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The host of an investigative news show joins forces with a techno-geek paranormal expert to dodge close-calls and chase crazy leads to get to the bottom of the mysteries around Talladega Superspeedway.
Dale Earnhardt Jr.
In the bleak days of 1983, the Crimson Permanent Assurance, an accountancy staffed by elderly workers much like a slave ship, has been taken over by efficiency-minded corporate types. When they sack an employee, there's an uprising, and the building is unleashed from its moorings to sail across the (dry) ocean and take on the financial centers of the world, starting with an all-out attack on the large skyscraper housing The Very Big Corporation of America, complete with filing-cabinet cannons, ceiling-fan broadswords, and paper-spindle short-swords. Written by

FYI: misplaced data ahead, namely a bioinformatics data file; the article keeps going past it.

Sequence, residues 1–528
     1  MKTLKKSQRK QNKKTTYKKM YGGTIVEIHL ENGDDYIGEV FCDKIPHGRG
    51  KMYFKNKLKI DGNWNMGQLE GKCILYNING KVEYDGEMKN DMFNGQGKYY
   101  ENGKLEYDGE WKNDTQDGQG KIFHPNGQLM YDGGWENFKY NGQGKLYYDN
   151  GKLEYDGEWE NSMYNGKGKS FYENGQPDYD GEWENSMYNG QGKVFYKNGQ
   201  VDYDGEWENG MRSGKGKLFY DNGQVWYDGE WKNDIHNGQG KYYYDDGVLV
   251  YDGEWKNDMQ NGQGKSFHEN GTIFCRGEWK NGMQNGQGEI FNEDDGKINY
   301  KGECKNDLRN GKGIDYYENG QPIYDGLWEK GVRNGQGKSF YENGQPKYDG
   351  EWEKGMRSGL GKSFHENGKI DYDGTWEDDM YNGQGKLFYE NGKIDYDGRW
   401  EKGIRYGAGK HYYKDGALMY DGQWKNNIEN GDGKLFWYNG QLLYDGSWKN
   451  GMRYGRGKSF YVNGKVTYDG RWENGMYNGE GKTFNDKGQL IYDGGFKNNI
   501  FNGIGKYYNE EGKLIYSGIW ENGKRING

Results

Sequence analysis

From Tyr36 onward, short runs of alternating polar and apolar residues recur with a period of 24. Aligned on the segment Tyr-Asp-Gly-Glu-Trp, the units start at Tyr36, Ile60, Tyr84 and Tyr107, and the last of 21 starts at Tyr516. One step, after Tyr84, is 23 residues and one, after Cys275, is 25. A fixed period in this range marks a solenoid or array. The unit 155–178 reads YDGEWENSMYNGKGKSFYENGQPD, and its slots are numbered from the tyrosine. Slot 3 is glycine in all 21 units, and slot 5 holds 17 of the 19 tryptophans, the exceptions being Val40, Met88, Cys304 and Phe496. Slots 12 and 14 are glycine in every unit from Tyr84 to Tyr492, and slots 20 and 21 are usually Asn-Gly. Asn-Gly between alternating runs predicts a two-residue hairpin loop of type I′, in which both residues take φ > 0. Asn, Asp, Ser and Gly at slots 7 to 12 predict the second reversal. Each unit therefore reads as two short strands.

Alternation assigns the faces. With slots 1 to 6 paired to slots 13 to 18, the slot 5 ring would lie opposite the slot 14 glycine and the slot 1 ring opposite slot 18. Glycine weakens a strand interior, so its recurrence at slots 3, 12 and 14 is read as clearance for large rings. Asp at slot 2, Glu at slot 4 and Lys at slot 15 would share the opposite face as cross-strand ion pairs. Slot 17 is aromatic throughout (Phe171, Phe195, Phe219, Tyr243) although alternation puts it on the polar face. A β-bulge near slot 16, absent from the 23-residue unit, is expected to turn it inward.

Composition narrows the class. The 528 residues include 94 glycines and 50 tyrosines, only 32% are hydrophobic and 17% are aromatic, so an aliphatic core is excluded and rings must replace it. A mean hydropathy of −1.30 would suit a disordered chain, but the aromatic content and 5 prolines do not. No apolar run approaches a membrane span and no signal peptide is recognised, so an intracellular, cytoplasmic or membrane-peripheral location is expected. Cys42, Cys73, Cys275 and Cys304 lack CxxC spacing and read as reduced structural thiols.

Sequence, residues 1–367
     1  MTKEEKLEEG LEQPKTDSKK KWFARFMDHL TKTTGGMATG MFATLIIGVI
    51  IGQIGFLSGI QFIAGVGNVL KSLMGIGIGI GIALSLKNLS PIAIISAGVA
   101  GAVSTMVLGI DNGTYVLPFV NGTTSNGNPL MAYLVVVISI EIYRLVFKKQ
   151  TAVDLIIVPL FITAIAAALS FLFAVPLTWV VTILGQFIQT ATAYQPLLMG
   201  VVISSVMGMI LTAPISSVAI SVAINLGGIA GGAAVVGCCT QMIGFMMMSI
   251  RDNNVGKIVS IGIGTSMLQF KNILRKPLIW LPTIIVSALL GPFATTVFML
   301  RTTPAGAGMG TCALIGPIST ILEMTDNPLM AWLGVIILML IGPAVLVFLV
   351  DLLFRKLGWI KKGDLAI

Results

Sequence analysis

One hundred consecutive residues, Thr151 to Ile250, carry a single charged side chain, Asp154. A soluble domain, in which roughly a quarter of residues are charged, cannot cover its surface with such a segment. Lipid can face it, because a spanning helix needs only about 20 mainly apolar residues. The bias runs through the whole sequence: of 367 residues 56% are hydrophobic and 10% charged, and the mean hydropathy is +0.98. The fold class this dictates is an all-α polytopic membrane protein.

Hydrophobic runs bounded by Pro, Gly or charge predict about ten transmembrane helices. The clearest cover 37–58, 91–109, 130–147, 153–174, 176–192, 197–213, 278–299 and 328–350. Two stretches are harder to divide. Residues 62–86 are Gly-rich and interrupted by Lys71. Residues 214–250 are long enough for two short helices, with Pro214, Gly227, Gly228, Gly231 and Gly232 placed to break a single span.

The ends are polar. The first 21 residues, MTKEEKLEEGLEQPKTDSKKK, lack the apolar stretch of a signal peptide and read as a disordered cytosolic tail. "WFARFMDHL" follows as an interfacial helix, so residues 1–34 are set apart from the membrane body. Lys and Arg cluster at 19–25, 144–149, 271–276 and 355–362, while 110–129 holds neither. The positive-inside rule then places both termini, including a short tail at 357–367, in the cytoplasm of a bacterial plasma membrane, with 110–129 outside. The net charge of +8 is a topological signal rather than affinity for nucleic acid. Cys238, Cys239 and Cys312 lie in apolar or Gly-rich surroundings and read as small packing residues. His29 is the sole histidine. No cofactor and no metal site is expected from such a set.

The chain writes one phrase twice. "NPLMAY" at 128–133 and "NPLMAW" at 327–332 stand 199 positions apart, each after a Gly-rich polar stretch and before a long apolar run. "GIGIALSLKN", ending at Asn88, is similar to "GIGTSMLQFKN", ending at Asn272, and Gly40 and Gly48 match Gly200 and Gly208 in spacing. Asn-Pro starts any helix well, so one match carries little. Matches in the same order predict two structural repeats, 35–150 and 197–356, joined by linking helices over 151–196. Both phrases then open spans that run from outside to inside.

Jon Reeves <email@example.com>
It's funny & imaginative, as everyone else has mentioned. However almost no-one else has mentioned that the film was intensely satirical when it came out - practically everything in it captured the zeitgeist in London at the start of the 80s, from the flapping sacking around office buildings being refurbished to the wholesale layoffs/business closures. Maybe irrelevant to the casual viewer but IMO it's the most political Gilliam film that I've seen. Incidentally I believe that the building used in the exterior shots is Loundes House - still standing just north of Finsbury Square in the City of London.
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